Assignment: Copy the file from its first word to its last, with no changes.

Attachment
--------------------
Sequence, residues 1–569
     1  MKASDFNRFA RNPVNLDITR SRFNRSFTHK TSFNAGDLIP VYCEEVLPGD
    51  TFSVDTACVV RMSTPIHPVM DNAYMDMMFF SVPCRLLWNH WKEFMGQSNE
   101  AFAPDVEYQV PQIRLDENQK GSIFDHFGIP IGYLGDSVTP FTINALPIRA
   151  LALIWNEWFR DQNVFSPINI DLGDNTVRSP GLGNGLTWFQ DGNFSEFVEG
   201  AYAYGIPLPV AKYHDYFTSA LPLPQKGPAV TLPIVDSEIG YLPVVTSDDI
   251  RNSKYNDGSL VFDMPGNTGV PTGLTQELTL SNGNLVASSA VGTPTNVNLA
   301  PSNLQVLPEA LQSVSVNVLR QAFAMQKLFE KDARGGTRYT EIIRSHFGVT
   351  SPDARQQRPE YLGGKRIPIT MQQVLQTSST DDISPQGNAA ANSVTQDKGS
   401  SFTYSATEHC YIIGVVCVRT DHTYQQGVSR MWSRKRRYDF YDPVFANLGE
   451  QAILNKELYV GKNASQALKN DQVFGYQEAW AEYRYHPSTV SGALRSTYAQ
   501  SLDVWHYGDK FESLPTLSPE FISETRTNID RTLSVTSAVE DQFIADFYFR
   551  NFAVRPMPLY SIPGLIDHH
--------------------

Sequence, residues 1–569
     1  MKASDFNRFA RNPVNLDITR SRFNRSFTHK TSFNAGDLIP VYCEEVLPGD
    51  TFSVDTACVV RMSTPIHPVM DNAYMDMMFF SVPCRLLWNH WKEFMGQSNE
   101  AFAPDVEYQV PQIRLDENQK GSIFDHFGIP IGYLGDSVTP FTINALPIRA
   151  LALIWNEWFR DQNVFSPINI DLGDNTVRSP GLGNGLTWFQ DGNFSEFVEG
   201  AYAYGIPLPV AKYHDYFTSA LPLPQKGPAV TLPIVDSEIG YLPVVTSDDI
   251  RNSKYNDGSL VFDMPGNTGV PTGLTQELTL SNGNLVASSA VGTPTNVNLA
   301  PSNLQVLPEA LQSVSVNVLR QAFAMQKLFE KDARGGTRYT EIIRSHFGVT
   351  SPDARQQRPE YLGGKRIPIT MQQVLQTSST DDISPQGNAA ANSVTQDKGS
   401  SFTYSATEHC YIIGVVCVRT DHTYQQGVSR MWSRKRRYDF YDPVFANLGE
   451  QAILNKELYV GKNASQALKN DQVFGYQEAW AEYRYHPSTV SGALRSTYAQ
   501  SLDVWHYGDK FESLPTLSPE FISETRTNID RTLSVTSAVE DQFIADFYFR
   551  NFAVRPMPLY SIPGLIDHH